Leyla Mustafayeva, wife of Azerbaijani journalist Afgan Mukhtarli, who went missing on May 29 in Tbilisi and appeared in a detention facility in Baku a day later, said that the facts of spying on her family remain uninvestigated and released photo and video materials showing the persons who allegedly spied on her.
Speaking at a press conference on September 19, Mustafayeva claimed that spying on her family began well before Mukhtarli’s disappearance, which, in her words, continues until now and intensifies with the arrival of top Azerbaijani officials to Georgia. She thinks that those involved in spying are either sent from Baku or are employees of the security service of SOCAR Georgia, Azerbaijan’s state energy company representation in the country.
According to her, the released photo and video materials, part of which was recorded by Mukhtarli himself before his detention, were handed over to the prosecutor’s office on August 7; however, the persons featured in the materials have not been identified so far.
Mustafayeva reiterated her calls on the Georgian law enforcement agencies to investigate Mukhtarli’s disappearance and spying on his family, and also focused on PM Giorgi Kvirikashvili’s statements in the aftermath of the journalist’s disappearance.
“In the first stage he [Kvirikashvili] made a lot of statements that they had nothing to do with this issue, but I am sure that he knew about it, about his [Mukhtarli’s] abduction. And he also has to respond to whatever his government has done to my husband,” Mustafayeva said at the press conference.
Archil Chopikashvili, Afgan Mukhtarli’s defense lawyer in Georgia, spoke at the press conference as well, saying that the frequent facts of illegal surveillance, as well as the reluctance of the prosecutor’s office to investigate the case, further intensifies the doubts that “a new crime” is being masterminded, and this time against Leyla Mustafayeva.
Azerbaijani journalist Afgan Mukhtarli went missing from Tbilisi on May 29. A day later he appeared in a detention facility in Baku arrested on charges of illegal border crossing, smuggling money and police disobedience.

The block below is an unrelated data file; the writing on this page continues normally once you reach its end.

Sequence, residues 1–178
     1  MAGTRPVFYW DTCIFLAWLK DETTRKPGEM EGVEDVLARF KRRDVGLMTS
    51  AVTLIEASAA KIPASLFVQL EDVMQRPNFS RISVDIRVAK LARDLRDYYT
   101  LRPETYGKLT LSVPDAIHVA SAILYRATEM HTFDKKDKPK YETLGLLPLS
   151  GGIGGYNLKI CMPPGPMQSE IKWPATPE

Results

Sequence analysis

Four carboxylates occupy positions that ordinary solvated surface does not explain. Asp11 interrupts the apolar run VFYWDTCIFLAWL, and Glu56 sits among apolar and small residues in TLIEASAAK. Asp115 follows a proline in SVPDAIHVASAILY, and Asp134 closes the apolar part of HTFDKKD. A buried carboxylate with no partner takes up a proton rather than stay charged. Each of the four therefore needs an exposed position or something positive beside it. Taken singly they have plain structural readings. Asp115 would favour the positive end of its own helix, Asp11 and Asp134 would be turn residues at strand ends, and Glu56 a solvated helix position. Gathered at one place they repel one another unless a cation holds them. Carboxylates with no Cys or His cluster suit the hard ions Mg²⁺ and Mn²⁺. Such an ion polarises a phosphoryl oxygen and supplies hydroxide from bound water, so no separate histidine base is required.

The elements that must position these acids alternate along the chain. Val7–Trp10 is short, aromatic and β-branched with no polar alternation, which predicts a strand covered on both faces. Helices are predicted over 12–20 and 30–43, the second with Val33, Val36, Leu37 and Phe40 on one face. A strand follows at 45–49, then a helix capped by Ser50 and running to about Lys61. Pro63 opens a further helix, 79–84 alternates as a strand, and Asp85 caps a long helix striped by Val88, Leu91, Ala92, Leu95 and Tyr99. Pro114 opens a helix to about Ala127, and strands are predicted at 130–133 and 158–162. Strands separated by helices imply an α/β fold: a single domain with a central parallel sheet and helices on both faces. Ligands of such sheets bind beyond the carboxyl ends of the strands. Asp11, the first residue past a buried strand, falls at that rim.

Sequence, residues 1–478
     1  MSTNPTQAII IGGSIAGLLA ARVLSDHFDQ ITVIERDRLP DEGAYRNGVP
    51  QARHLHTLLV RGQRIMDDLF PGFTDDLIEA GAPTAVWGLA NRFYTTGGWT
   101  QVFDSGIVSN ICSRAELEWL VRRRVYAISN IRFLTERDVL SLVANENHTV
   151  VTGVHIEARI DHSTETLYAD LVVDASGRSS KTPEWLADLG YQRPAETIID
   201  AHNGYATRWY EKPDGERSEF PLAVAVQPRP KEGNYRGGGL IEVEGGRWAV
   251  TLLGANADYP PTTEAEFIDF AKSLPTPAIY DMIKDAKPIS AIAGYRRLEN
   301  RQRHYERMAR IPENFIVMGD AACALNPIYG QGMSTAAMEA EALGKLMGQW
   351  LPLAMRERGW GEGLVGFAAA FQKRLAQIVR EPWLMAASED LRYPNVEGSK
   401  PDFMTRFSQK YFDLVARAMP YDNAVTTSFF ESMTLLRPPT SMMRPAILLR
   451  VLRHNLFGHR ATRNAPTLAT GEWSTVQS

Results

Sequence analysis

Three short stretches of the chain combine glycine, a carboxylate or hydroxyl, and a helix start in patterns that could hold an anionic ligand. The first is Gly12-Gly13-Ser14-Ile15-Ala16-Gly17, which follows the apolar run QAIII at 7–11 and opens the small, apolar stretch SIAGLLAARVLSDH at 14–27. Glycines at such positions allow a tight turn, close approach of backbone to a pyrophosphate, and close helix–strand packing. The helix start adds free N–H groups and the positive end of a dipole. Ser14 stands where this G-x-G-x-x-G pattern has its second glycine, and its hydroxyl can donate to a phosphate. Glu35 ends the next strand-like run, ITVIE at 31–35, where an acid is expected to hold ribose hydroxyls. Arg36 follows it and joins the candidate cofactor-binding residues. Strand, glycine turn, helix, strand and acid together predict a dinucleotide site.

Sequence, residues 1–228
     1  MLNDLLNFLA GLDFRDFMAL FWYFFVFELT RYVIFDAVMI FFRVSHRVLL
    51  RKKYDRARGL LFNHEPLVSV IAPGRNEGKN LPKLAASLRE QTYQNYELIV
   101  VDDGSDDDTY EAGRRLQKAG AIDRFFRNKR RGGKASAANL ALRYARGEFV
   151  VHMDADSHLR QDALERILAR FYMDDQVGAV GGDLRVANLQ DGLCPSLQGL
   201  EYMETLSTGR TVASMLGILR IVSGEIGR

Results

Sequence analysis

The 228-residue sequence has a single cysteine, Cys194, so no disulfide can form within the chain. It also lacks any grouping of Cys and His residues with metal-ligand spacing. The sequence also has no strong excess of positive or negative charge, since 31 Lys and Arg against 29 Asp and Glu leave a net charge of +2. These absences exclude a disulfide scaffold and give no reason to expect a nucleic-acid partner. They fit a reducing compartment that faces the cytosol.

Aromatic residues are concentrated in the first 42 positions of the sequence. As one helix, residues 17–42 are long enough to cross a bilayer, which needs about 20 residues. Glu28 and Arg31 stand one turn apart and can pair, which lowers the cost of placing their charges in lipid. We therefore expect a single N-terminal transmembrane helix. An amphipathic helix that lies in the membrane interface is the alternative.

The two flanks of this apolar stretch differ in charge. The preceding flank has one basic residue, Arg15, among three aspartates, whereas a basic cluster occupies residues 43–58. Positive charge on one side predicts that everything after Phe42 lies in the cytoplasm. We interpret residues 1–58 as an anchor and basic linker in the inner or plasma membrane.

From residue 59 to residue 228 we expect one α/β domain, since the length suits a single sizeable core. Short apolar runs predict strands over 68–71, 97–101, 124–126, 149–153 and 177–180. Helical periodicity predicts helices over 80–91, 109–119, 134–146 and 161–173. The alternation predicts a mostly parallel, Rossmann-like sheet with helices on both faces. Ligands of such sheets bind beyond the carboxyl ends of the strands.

Mukhtarli’s wife Leyla Mustafayeva and his friends claim that the investigative journalist known for reporting on the corruption of Azerbaijani authorities was abducted by Georgian law enforcers and handed to their Azerbaijani colleagues.
The investigation has been launched under Article 143 of the Criminal Code involving unlawful imprisonment.
Despite multiple demands, the Georgian government has failed to uncover the facts identified in the course of the investigation. The Georgian Interior Ministry and the prosecutor’s office claim that they still have not obtained Mukhtarli’s testimony and are waiting for the Azerbaijani government’s permit in this respect.
The President of Georgia, opposition parties, journalists, civil society organizations and international organizations also commented on the journalist’s disappearance and subsequent arrest in Azerbaijan, slamming the Government of Georgia for its handling of the investigation.
On June 15, the European Parliament adopted a resolution on Mukhtarli’s case, condemning “the prosecution of Afgan Mukhtarli following bogus charges” and calling “on the Azerbaijani authorities to immediately and unconditionally drop all charges against and release Afgan Mukhtarli.” The resolution also urges the Georgian authorities to ensure “a prompt, thorough, transparent and effective investigation into Afgan Mukhtarli’s forced disappearance in Georgia and illegal transfer to Azerbaijan.”
On June 27, President Giorgi Margvelashvili met with Afgan Mukhtarli’s wife, Leyla Mustafayeva, to get acquainted with recent developments on the matter, and promised to conduct constant monitoring over the case.